Late last week, Attorney General Ken Cuccinelli sent a letter to the state’s taxpayer funded colleges and universities informing them that, without General Assembly approval, they do not have the authority to issue non-discrimination policies that include sexual orientation (see Washington Post). Apparently, the state’s public colleges and universities had issued such policies without the approval to do so (see Richmond Times-Dispatch). His opinion, initiated at the request of several interested parties, started a media firestorm. Essentially, the Attorney General, the office designated to instruct state entities on the law, told them to actually follow the law — Virginia law does not carve out discrimination protections for homosexuals, as it does for race, color, creed and national origin. But Democrat leaders and homosexual activists immediately pounced, calling Cuccinelli’s advice "hate," and vowed to revive legislation that died last week which would add sexual orientation to the Commonwealth’s anti-discrimination policy.
Today, several legislators literally screamed about the issue on the floor of the House of Delegates, all but accusing Attorney General Cuccinelli of hatred. They urged the House General Laws Committee to act on SB 66, which was defeated in sub-committee last week. However, committee chairman Delegate Chris Jones (R-76, Suffolk) cancelled the committee's last meeting. As today was the last day for committees to act on legislation in order for them to get to the floor before session ends, the issue is dead, again, for this year.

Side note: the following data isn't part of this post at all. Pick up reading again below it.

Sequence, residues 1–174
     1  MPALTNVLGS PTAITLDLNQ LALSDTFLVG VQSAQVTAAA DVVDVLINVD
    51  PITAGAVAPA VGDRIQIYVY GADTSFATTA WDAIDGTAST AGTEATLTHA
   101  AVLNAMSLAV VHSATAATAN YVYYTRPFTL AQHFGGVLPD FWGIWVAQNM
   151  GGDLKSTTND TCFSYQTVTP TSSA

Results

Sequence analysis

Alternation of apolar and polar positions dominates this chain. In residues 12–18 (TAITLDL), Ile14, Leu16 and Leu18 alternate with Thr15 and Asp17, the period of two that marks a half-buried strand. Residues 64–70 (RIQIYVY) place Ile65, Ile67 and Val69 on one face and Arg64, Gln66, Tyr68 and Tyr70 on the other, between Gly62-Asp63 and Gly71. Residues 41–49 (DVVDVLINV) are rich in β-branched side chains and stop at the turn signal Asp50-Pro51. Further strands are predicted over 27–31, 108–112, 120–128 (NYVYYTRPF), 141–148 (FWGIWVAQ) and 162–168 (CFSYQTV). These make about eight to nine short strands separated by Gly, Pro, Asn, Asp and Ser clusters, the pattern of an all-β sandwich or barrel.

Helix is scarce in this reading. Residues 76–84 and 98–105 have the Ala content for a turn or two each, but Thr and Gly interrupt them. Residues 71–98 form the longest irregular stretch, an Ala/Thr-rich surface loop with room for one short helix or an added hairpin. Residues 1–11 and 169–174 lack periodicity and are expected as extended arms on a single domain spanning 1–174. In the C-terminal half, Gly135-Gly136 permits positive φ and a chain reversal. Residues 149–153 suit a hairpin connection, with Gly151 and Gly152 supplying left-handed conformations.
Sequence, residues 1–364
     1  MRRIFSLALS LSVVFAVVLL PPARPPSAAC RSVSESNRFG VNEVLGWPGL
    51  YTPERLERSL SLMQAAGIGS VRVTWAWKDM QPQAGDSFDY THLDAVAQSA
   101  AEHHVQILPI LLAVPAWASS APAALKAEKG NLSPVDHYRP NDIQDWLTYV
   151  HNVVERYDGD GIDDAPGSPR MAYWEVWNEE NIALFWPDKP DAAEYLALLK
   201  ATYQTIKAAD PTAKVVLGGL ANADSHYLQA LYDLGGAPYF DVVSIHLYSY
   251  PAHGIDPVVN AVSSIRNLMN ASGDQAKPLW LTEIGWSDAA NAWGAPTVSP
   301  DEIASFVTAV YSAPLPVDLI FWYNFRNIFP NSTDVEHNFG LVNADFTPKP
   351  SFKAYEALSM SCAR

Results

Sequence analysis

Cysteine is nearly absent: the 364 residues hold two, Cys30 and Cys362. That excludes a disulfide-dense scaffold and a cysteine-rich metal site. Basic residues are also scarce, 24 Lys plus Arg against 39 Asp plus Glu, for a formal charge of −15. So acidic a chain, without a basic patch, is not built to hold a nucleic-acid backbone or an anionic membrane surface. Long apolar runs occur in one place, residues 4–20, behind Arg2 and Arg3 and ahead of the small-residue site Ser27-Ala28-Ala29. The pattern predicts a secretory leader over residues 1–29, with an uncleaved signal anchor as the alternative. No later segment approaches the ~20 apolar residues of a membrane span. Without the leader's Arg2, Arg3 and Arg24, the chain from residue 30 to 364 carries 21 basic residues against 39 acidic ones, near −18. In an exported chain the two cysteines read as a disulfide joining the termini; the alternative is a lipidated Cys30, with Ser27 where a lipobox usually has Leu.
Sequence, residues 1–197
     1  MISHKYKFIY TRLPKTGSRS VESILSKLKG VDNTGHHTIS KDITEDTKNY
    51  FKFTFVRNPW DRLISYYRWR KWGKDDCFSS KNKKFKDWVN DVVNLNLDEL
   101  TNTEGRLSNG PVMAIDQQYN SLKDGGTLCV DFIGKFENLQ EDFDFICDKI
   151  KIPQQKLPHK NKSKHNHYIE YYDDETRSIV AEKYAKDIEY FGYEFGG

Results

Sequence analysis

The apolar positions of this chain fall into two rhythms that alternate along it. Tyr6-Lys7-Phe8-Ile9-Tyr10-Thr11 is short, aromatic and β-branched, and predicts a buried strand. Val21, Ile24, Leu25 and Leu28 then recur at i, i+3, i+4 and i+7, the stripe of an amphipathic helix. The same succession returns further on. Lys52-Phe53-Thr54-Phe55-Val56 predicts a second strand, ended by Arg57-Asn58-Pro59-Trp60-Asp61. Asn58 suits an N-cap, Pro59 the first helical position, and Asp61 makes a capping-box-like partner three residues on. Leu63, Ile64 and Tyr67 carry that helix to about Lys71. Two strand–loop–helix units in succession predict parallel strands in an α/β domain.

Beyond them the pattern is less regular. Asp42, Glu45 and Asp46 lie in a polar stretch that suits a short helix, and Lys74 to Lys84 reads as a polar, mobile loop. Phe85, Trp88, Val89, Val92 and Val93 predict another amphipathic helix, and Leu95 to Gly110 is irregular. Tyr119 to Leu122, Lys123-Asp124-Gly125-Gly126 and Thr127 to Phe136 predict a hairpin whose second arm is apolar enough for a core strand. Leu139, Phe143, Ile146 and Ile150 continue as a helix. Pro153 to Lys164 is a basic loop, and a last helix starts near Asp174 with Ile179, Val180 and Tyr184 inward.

It is quite interesting to listen to proponents of this major change in Virginia’s public policy. In three separate presentations before committees and subcommittees, advocates for making sexual orientation a protected class have admitted that 90 percent of Virginians don’t think there should be discrimination. They have admitted that the last three governors have had policies, either written or verbal, that they will not allow such discrimination. At no point has any actual evidence of discrimination been presented. Late last year the Washington Post editorialized that there are "thousands of homosexuals" working in state government.
Usually, the General Assembly passes legislation to remedy a problem. They often defeat legislation that, as is said, is a "solution in search of a problem." That is exactly the problem with this legislation.
So what is the goal? It really is not about discrimination. It is about government recognition — acceptance — of the homosexual lifestyle. Make no mistake, this debate is a serious one and it will have long term consequences, not just for state government, but private businesses and, ultimately, our Marriage Amendment. The goal is not anti-discrimination — it is forced acceptance of a lifestyle that many Virginians find antithetical to their faith.
The rhetoric in the capitol today was heated and not very tolerant. It seems that those who oppose creating a special class for homosexuals are hateful and bigoted, which is an easy accusation to make when you have no other argument and no ability to make your case.